back to top

As Irma Hit Naples, Shelters Were Running Out Of Room, Food, And Power

Emergency shelters in Naples, along Florida's West Coast, were set up so quickly some lacked beds or cots, and evacuees were expected to bring their own water.

Posted on

Residents and local governments in Naples, Florida, were still scrambling to prepare for Hurricane Irma when the storm hit Sunday, making its second landfall in the state directly on top of the beachfront city.

As Irma lashed Florida's western coast with hurricane-force winds, residents of Collier and Lee counties were still making last-minute attempts to evacuate, as local shelters filled fast, often without power or adequate supplies.

Collier County, which includes Naples, opened 28 shelters, county spokesperson Kate Albers told BuzzFeed News, and by Sunday night, more than 17,000 people, in a county with a population of 320,000 had been placed in shelters.

Space ran out quickly though, forcing the county to open additional spots at the Gulf Coast High School in Naples on Sunday. The shelter had 425 available seats when the storm hit, Albers said, but added that because the county couldn't provide cots or beds, there were "just seats."

As the shelter space rapidly filled Saturday night, Temple Shalom in Naples scrambled to open its doors to evacuees. But the shelter there was set up so quickly, it lacked basic supplies and evacuees were expected to bring their own water, according to the county's website. The shelter was completely full by the time the storm hit.

Still, the county's director of emergency services, Dan Summers, said people would not be turned away and shelters would remain "open as long as people need them."

Advertisement

There are currently 17,382 people in 28 shelters in Collier County. "Shelters will stay open as long as people need them." Dan Summers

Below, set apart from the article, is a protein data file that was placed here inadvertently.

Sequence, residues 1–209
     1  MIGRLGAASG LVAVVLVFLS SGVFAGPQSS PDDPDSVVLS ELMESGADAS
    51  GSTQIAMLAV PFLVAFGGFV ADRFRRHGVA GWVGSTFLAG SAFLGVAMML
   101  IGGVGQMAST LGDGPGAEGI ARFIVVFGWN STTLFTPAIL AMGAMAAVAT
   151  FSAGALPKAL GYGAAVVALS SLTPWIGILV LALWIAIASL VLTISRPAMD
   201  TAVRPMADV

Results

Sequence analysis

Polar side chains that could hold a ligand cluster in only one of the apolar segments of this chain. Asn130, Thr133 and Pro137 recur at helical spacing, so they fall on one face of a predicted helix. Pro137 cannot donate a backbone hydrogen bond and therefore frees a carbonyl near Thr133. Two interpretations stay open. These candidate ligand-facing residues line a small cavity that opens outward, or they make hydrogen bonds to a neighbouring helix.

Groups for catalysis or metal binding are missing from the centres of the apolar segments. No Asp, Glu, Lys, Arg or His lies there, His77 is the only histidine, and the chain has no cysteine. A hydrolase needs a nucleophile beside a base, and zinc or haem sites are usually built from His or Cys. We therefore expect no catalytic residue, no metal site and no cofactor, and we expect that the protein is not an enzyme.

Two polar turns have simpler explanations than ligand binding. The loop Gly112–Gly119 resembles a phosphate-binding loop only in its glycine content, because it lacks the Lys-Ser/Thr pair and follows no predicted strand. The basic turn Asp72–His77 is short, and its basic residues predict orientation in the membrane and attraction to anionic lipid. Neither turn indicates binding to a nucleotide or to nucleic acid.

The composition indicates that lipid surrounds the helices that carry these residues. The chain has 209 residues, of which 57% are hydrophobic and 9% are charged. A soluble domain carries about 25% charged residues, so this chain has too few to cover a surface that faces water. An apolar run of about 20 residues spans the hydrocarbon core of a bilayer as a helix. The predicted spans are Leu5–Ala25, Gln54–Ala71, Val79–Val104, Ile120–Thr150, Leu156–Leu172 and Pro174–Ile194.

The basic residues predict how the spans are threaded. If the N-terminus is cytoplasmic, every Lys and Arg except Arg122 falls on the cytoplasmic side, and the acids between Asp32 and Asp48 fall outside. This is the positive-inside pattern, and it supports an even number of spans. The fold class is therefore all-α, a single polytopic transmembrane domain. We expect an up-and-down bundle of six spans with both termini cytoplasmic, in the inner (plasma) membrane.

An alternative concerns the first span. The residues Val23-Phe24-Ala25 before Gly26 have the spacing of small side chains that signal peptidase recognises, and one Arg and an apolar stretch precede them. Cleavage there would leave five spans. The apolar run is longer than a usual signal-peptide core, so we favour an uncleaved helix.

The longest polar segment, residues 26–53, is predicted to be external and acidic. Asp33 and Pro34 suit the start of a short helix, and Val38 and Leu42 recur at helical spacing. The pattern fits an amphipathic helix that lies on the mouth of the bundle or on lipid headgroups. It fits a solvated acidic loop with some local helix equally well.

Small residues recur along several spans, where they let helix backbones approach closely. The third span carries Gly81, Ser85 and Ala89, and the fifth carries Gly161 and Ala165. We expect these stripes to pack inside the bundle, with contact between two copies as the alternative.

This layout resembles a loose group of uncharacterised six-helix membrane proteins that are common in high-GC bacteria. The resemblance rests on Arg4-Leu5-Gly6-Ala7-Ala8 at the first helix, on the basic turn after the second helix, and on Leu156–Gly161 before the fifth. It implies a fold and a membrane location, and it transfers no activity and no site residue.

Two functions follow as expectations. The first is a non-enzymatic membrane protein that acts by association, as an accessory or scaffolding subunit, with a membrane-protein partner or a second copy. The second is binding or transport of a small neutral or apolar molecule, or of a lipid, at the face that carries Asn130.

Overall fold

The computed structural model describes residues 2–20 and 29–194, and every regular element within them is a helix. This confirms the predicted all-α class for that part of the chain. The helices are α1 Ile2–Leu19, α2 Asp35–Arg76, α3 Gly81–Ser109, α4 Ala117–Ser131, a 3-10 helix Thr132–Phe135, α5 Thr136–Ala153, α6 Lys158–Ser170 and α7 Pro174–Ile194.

As force wind gusts from Irma began hitting the area early Sunday morning, Collier County declared a civil emergency. The Bureau of Emergency Management asked all residents to shelter in place until after the storm passes and placed a mandatory curfew in place between 9 p.m and 6 a.m.

“We want you to be safe. We understand the desire is strong to go home, but please let first responders get out tonight, make sure our roads are safe and get as much debris cleared as we can,” Summers said during a press conference.

"We know that many shelters have no power or just the basic power for emergency lighting," Summers said. "We know there are some shortages of food, but we have ordered massive quantities in an attempt to relieve that, but you are much better where you are."

Summers warned that storm surges were expected to continue through Monday morning, especially in Naples. The National Hurricane Center reported Sunday that water levels were rising rapidly in Naples from Hurricane Irma's storm surge, and a federal tide gauge in Naples reported a 7 foot rise of water in just 90 minutes.

"Shelters will remain open tonight. There will be no rush to move you out of a shelter tomorrow," Summer said. "We will reevaluate the situation tomorrow."